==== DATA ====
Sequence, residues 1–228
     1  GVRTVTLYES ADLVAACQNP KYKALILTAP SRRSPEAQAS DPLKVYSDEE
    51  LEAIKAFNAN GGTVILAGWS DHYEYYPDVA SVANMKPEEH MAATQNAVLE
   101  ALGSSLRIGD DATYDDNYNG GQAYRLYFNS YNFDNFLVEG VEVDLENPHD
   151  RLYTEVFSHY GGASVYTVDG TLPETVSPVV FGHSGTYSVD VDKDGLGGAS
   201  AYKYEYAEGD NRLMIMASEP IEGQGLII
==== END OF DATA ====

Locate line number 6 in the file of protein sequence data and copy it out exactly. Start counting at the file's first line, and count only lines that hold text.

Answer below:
   201  AYKYEYAEGD NRLMIMASEP IEGQGLII